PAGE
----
On Spotify, Qobuz, and Amazon, I was pleasantly welcomed by the same pitch-perfect background I heard with local tracks. Excellent!

Conclusion

The iBasso DX240 does exactly what it intended to: fill the gap between the DX160 and DX300. It’s powerful, dynamic, still a bit too uptight compared to the DX300, but as a whole package, this might be my favorite one in the actual catalog.

Sure at $999, the DX240 is definitely not cheap and leans more toward DX300 than the DX160, but size-wise, the new one is definitely more useable as a daily driver. My main complaint? The lack of a 4.4mm Pentaconn by default and the slightly thick case. But, apart from that, it’s a genuinely good player that should suit every genre and almost every headphone. Keep it up iBasso!  

We are recommending this iBasso DX240 and it has been added to our Best Gear DAP list. We have removed the DX300 in the process as we feel the DX240 has the best complete package.

 

Page 1: about the brand

Page 2: Design, bundle

Page 3: UI, Usage

Page 4: Technical specifications

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A nerdy guy with a passion for audio and gadgets, he likes to combine his DAC and his swiss knife. Even after more than 10 years of experience, Nanotechnos still collects all gear he gets, even his first MPMAN MP3 player. He likes spreadsheets, technical specs and all this amazing(ly boring) numbers. But most of all, he loves music: electro, classical, dubstep, Debussy : the daily playlist.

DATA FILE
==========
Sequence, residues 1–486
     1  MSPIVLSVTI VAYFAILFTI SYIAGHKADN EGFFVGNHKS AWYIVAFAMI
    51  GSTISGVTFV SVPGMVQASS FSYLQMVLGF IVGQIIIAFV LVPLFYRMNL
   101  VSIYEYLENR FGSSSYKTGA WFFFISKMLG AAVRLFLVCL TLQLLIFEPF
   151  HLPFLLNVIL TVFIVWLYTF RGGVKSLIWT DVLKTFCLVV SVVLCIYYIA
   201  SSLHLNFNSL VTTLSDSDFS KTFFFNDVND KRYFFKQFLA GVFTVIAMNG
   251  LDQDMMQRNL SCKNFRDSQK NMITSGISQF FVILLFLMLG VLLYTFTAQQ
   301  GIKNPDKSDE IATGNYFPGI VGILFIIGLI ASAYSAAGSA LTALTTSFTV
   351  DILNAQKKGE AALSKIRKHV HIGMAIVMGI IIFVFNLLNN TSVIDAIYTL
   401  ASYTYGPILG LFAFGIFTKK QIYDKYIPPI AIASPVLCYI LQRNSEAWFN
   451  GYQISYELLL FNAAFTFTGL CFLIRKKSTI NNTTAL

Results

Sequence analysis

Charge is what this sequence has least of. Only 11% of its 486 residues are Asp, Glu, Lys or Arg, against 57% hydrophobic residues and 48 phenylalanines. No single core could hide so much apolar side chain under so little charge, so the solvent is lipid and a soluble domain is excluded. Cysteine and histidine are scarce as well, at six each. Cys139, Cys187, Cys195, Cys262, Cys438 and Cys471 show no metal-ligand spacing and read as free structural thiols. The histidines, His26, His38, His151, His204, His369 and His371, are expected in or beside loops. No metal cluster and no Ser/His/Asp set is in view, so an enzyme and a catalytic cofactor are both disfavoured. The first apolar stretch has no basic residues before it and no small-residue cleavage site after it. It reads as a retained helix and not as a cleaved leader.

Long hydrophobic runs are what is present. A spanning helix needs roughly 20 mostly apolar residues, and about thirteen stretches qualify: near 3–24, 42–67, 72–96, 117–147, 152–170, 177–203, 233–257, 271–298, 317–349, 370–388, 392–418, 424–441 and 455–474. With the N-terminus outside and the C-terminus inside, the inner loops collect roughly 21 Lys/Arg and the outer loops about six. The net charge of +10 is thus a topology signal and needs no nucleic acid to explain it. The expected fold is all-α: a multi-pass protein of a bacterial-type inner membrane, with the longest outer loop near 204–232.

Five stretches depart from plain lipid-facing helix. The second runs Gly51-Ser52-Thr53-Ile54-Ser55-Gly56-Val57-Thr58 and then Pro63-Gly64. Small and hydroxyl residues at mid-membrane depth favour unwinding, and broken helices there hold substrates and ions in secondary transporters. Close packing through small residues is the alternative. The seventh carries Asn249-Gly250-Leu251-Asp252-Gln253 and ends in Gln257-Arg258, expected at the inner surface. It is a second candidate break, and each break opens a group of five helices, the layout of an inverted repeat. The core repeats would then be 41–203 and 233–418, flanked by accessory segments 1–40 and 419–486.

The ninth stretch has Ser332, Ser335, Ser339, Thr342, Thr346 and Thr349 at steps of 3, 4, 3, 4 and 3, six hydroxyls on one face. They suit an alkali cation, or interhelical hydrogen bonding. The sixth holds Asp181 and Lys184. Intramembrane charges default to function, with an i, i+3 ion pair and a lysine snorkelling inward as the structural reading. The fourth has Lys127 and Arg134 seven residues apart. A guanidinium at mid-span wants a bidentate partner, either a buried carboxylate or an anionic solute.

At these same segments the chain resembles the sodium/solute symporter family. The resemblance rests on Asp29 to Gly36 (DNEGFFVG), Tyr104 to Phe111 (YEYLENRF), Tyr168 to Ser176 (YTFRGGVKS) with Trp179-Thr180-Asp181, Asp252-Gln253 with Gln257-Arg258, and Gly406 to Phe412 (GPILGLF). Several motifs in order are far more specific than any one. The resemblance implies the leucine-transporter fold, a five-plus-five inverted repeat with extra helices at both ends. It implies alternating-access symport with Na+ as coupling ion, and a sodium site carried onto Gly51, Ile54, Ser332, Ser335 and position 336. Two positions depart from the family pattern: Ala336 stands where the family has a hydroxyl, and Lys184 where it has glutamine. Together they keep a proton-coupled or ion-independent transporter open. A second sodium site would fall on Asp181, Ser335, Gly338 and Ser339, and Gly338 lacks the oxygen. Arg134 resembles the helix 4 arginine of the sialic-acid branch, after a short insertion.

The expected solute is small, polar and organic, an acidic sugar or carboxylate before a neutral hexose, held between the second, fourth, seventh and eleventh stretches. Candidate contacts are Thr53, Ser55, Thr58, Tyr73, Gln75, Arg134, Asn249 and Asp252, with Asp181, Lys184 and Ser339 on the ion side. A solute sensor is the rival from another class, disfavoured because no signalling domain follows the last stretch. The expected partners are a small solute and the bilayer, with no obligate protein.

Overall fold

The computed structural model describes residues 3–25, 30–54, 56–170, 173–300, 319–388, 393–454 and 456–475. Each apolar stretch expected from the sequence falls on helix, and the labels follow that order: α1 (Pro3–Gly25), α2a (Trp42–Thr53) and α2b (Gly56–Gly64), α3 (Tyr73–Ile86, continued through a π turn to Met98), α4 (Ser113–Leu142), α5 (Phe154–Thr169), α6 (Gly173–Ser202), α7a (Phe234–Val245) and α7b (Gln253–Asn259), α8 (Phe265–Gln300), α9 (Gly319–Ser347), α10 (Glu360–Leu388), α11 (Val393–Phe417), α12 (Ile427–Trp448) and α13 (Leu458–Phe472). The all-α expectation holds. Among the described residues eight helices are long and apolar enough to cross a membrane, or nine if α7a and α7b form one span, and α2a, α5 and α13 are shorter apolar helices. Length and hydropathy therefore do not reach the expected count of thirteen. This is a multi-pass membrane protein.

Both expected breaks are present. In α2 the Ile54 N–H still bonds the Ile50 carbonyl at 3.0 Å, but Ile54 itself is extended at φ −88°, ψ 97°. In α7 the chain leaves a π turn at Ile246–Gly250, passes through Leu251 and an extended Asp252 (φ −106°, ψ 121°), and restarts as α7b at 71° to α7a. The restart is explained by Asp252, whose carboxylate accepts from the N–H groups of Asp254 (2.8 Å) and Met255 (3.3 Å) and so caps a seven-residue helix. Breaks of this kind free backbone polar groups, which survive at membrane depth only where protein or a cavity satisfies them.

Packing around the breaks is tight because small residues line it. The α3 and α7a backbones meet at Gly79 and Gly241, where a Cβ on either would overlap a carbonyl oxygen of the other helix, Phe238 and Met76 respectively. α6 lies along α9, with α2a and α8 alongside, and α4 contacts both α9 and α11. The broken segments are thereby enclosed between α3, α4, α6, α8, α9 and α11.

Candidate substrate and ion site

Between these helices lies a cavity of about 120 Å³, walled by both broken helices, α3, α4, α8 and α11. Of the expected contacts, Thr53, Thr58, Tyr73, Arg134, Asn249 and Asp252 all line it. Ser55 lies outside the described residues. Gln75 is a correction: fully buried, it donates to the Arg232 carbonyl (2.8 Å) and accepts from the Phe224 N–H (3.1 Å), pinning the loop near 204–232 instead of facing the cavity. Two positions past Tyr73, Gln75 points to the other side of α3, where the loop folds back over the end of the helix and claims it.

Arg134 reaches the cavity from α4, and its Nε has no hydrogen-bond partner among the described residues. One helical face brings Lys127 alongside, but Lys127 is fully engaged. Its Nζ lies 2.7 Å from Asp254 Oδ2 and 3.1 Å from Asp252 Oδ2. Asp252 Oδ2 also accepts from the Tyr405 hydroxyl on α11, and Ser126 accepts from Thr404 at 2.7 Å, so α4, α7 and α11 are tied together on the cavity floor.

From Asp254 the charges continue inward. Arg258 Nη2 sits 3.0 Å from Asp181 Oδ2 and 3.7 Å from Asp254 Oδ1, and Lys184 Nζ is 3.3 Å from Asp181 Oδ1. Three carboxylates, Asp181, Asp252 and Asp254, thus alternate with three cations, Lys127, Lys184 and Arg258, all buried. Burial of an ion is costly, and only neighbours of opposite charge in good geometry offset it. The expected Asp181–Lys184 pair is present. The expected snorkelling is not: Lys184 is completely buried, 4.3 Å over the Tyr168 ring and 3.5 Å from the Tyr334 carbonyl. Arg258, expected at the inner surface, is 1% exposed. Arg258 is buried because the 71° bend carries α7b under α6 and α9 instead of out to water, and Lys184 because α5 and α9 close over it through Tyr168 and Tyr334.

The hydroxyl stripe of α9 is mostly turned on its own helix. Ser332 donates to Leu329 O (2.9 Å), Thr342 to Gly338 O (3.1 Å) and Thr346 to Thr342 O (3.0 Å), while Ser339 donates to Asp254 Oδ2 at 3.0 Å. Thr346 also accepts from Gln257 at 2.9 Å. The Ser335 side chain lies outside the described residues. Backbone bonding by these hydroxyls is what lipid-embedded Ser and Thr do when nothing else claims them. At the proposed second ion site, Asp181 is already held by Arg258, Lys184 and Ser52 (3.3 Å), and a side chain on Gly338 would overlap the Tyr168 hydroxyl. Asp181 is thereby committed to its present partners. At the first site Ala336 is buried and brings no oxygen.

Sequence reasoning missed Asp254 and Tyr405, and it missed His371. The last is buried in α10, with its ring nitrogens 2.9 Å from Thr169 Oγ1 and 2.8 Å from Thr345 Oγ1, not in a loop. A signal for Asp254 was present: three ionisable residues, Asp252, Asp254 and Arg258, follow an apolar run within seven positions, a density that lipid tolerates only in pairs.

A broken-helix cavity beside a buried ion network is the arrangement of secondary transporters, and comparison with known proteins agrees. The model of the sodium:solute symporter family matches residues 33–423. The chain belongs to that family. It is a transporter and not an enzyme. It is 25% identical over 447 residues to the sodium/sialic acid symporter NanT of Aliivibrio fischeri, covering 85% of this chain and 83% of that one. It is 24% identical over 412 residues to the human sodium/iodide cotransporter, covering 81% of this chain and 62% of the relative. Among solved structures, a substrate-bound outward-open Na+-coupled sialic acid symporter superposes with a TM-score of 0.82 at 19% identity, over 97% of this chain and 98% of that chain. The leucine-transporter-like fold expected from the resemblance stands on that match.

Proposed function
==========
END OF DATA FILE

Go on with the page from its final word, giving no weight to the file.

6 Comments

  • Reply November 11, 2021

    adam

    I have the Shanling m6 pro (21) . is this a step up in sound quality ? .

  • Reply November 11, 2021

    Ben

    At this moment I can not find any dealer to purchase additional dx240 face plates for amp8, it is a big shame that these are not included in general dx240 package. So what is the point of changing amps if you don’t have face plates to adapt them? Nonsense…

    Price is very similar to dx300 so I hope it sounds near the same level….

  • Reply November 11, 2021

    Rodrigo

    Can you tell me your opinion comparing with an sp1000 or a n8? Is it in the same level?

  • Reply November 11, 2021

    Matias Rubilar

    Is it worth the update from the fiio m11 pro? Specially considering that I want something more sharp and musical specially for rock metal and symphonic music.

  • Reply November 21, 2021

    Gustavo

    Great reviews. A lot of players. What do you recommend on this range? M6 pro 21, M11 plus ltd., Kann Alpha or this?

  • Reply November 29, 2021

    Hiko Olarte

    Which is better overall ibasso dx240 or fiio m11 plus ltd? Thank you